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Sydney siege gunman too 'weird' for biker gang

May 25, 2015

A coroner's inquest into last year's siege of an Australian café has been told that the gunman had a history of erratic behavior. The gunman killed one of the hostages before police moved in to end the siege.

Geiselnehmer von Sydney Man Haron Monis ARCHIVBILD
Image: picture-alliance/dpa/S. Dionisio

New South Wales state Coroner Michael Barnes told the inquest on Monday that getting to the bottom of what caused 50-year-old Man Haron Monis to take 18 people hostage at a Sydney café late last year was a matter of national importance.

"Was Monis a so-called lone wolf prosecuting an ISIS-inspired (Islamic State) terrorist act, or was he a deranged individual pursuing some personal, private grievance in a public manner? They are real questions we must try and answer if an explanation for the siege is to be forthcoming and strategies to avoid a repeat are to be developed," Barnes said.

Lawyers assisting the inquest painted a picture of Monis as a narcissist who was "prone to grandiose claims."

"His constant goal in life appears to have been achieving significance," one of the lawyers, Sophie Callan, said.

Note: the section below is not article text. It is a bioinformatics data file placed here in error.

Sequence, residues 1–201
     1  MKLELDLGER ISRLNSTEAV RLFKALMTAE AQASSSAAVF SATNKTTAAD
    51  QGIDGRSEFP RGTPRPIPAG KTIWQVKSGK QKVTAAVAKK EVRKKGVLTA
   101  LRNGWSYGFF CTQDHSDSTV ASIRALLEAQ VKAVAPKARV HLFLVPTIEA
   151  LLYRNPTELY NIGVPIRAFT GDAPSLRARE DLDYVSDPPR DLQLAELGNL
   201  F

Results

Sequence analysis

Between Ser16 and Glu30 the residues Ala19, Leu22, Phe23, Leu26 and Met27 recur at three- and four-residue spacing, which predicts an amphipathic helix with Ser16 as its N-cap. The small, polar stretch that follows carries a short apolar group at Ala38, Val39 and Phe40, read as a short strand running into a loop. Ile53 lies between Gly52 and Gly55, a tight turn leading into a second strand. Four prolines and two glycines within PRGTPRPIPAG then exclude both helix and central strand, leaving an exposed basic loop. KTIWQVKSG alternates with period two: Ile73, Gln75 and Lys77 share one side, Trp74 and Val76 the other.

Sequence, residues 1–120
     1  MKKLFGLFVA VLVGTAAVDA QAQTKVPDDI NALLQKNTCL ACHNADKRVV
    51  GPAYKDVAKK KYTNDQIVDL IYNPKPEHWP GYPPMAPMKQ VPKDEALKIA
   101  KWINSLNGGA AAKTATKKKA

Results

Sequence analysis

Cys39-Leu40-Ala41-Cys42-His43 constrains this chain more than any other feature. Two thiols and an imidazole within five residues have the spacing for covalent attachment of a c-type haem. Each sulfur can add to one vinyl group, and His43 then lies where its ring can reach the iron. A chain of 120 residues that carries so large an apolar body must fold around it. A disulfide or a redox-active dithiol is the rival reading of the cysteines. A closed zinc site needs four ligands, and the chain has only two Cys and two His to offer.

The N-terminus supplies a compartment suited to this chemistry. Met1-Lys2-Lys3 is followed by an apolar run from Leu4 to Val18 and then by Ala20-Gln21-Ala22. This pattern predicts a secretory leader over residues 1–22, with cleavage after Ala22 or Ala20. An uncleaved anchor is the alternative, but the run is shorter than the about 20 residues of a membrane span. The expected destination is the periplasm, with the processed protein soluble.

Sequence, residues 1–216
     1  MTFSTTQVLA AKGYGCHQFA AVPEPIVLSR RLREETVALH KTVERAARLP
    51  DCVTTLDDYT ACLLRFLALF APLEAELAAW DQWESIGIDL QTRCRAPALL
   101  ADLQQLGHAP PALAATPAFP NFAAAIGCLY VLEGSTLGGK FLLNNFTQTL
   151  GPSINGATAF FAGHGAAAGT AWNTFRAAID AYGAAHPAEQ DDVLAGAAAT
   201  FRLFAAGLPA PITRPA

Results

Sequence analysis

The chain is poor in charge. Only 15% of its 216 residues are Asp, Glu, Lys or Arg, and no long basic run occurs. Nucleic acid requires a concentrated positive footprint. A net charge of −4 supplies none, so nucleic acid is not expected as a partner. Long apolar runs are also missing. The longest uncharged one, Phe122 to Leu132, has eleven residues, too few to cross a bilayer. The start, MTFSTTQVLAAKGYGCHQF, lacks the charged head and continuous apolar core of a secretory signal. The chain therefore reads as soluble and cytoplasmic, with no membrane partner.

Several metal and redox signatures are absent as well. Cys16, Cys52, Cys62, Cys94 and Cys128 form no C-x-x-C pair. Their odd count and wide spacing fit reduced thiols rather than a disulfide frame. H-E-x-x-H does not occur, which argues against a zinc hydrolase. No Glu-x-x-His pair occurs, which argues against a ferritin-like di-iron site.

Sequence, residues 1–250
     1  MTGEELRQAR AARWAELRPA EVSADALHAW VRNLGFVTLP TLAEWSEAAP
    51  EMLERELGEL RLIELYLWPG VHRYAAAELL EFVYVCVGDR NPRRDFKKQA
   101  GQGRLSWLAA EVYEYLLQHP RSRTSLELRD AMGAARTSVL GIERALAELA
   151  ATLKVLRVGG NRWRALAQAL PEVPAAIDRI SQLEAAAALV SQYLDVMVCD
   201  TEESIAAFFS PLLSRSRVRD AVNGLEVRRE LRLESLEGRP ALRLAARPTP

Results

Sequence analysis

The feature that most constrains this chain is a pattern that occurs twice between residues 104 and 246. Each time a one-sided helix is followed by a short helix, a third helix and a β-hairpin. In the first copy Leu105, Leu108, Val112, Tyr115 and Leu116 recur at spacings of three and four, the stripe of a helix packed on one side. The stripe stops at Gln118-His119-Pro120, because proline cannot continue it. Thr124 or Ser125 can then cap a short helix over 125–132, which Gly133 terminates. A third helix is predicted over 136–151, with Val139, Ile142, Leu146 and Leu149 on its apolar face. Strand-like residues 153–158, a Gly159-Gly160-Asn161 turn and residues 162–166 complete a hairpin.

She added that Monis was "almost entirely consumed in his own self-importance and when challenged, his self-control would occasionally slip and his reaction was disproportionate."

She also said that in 2012 or 2013 Monis had attempted to join the Rebels Motorcycle Club, but that the notorious biker gang found him to be too "weird."

"Ultimately, he was rejected by the Rebels and they took his motorbike," she said.

'Modest' mental illness

Another lawyer, Jeremy Gormly said that while Monis did have a history of mental illness, this was not severe.

"Mr. Monis, as we shall see, unquestionably had at stages in his life some mental health issues, but I say at the outset that any such issues appear to be modest," Gormly said. "Mental illness may not provide a full answer to the questions about his motivations for the siege."

Iranian-born Monis, had moved to Australia in 1996, where he convinced the authorities that he had been subject to persecution in his homeland. He held a number of jobs, including working as a carpet salesman and a security guard, before setting up a spiritual healing practice.

In 2014, Monis was charged with 43 counts of aggravated and indecent assault allegedly committed while working as a spiritual healer between 2002 and 2010. He was on bail on those charges as well as one of accessory to murder in connection with the death of his ex-wife when he launched the assault on the café.

Monis who claimed to be a sympathizer of the Islamic State militant group, was shot dead by police who moved into the Lindt Chocolate Café in downtown Sydney in the early hours of last December 16. Police took the decision to storm the café after Monis had shot dead one of his 18 hostages. The inquest, being held in a Sydney court room was previously told that a second hostage was killed by a ricochet from a shot fired by police.

pfd/ng (Reuters, AP, dpa)